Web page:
Take a look at the beta version of dw.com. We're not done yet! Your opinion can help us make it better.
Survivors and family members of victims of last year's mass shootings at two New Zealand mosques say they still have trouble sleeping, enjoying life, and providing for their families.
Survivors and relatives of the dead from the shootings at two New Zealand mosques last year described in court on Tuesday how the incident tore their lives apart. In the worst mass shooting in New Zealand's history, the gunman murdered 51 Muslim worshippers and injured dozens more during the March 2019 attack.
Brenton Tarrant, an Australian, has pleaded guilty to 51 murder charges, 40 charges of attempted murder and one of committing a terrorist act. He faces life imprisonment, possibly without parole. Tarrant, a former gym instructor, has said he wanted to instill fear into those he described as "invaders."
Tuesday was the second day of a four-day sentencing hearing for Tarrant. The session was dedicated to allowing survivors and family members of victims to address the court, both in person and by video.
The hearing has given many a chance to confront Tarrant, who has shown little emotion throughout as he sits in the dock surrounded by five officers.
Ambreen Naeem lost both her husband Naeem Rashid and son Talha in the rampage. Naeem Rashid was hailed as a hero and prosecutor Barnaby Hawes said he "allowed a number of other worshippers to escape" when he charged at Tarrant in Christchurch's central Al Noor mosque and partially knocked him down.
"Since my husband and son passed away I have never had a proper, normal sleep," said Naeem. "I don't think I ever will. That is why his punishment should continue forever. No one ever stopped him from going to the mosque. He was greeted with 'Hello brother' when he entered the mosque."
Raesha Ismail, who lost her brother Junaid in the attack, said the attack had only strengthened her beliefs and she was now "more open with practicing my faith in the workplace".
Angela Armstrong, whose mother Linda died at the Linwood mosque, reminded Tarrant that, like her, he would never be able to hug his mother again. "While I have pity for your mum, I have no emotion for you. You are nothing," she said.
Rashid Omar, whose 24-year-old son Tariq was killed at the Al Noor mosque, said he'd desperately held out hope his son had survived until police and Muslim leaders read out a list of those who'd died. "My body went completely weak and everything went silent," Omar said.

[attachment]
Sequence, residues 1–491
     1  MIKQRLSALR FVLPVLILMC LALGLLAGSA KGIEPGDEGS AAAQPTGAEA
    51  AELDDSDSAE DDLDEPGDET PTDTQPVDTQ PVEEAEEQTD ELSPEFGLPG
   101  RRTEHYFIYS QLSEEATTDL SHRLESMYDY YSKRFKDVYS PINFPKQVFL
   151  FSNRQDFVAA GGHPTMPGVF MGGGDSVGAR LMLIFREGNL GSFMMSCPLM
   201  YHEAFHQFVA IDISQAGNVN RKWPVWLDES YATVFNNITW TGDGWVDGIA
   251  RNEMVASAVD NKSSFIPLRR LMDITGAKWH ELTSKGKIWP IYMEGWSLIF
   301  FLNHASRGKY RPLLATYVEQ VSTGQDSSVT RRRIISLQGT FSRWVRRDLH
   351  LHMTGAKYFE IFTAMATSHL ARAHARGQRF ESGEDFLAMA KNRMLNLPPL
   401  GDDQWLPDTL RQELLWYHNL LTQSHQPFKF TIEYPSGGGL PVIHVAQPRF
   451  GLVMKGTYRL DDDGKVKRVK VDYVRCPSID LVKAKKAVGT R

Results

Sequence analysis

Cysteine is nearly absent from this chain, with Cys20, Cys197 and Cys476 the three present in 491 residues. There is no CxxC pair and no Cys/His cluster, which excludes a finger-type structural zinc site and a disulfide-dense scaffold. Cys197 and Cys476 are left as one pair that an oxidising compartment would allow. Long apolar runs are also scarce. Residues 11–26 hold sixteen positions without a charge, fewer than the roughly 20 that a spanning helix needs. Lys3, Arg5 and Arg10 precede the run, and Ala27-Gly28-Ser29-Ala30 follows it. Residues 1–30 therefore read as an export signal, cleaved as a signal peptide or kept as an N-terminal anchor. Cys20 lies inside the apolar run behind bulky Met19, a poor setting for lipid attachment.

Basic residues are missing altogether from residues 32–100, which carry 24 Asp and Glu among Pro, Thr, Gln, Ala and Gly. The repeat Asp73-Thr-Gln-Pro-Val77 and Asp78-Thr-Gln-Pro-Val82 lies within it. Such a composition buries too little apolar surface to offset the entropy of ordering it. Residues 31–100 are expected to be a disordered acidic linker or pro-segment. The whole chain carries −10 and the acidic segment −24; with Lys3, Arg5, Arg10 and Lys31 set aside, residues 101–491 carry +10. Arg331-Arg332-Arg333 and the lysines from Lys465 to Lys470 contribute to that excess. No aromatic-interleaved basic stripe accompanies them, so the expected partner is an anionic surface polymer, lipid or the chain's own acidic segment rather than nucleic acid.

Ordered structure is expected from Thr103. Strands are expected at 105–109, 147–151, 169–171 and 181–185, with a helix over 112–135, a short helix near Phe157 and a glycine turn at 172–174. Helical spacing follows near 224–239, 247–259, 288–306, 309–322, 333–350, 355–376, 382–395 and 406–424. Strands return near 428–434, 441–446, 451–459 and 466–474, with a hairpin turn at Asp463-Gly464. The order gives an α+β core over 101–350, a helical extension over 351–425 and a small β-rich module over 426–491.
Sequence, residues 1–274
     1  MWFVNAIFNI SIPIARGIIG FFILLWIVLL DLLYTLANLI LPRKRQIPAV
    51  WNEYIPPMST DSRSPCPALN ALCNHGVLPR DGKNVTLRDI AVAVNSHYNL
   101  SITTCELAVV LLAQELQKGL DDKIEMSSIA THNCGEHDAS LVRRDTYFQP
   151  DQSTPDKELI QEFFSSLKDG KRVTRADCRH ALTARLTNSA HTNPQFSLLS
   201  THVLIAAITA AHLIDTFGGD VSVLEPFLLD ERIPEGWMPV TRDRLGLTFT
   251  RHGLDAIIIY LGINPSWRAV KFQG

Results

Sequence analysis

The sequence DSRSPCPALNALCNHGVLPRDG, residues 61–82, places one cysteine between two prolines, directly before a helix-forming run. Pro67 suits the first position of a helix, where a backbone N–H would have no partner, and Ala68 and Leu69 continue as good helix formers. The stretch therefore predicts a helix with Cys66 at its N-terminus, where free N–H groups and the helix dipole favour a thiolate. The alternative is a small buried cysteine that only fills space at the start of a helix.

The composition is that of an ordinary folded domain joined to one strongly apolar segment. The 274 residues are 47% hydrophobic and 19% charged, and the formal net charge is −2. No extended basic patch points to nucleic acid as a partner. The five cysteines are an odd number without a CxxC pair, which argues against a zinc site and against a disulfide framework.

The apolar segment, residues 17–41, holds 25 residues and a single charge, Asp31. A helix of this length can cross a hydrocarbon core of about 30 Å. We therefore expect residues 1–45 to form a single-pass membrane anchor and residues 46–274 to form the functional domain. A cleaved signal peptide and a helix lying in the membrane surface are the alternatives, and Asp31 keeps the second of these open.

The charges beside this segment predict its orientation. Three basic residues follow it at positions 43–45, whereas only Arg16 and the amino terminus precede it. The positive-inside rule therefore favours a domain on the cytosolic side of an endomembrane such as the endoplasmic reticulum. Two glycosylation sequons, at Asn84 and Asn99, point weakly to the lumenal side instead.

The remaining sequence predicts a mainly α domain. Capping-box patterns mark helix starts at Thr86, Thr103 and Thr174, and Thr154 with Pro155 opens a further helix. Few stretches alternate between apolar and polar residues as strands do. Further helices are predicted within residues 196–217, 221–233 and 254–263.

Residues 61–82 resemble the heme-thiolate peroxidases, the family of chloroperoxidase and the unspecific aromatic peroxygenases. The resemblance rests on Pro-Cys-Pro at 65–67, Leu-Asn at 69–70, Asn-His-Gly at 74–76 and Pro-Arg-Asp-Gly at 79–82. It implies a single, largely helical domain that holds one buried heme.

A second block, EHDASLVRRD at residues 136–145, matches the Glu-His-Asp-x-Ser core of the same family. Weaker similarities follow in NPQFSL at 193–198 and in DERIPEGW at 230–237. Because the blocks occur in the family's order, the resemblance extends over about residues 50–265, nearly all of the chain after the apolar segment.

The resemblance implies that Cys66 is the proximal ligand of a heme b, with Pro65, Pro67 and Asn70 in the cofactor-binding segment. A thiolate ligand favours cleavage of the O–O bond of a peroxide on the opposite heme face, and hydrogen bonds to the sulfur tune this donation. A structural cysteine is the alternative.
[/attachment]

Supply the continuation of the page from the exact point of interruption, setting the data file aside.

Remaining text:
He started crying with his family even though he had intended to remain strong. "As a parent, no matter how old your children are, they'll always be your baby," he said.
Harshest possible sentence
In a recorded message, Farisha Razak said Tarrant did not deserve any leniency after killing her father, Ashraf Ali, who was visiting New Zealand from Fiji.
"You made a game out of people's lives," said Razak. "You should not even be granted parole — ever."
Zuhair Darwish, who lost his brother Kamel, said Tarrant should receive the harshest possible sentence. "I know in New Zealand law they have removed the death penalty for humans, but unfortunately he's not a human," Darwish said.
In court, Tarrant is representing himself and will be allowed to speak at some point during the hearings. High Court judge Cameron Mander has powers to ensure the court is not used as a platform for extremist ideology.
The attacks targeting people praying at the Al Noor and Linwood mosques shocked New Zealand and prompted new laws banning the deadliest types of semi-automatic weapons. They also prompted global changes to social media protocols after the gunman live streamed his attack on Facebook, where it was viewed by hundreds of thousands of people.
sri/rc (AFP, AP, Reuters)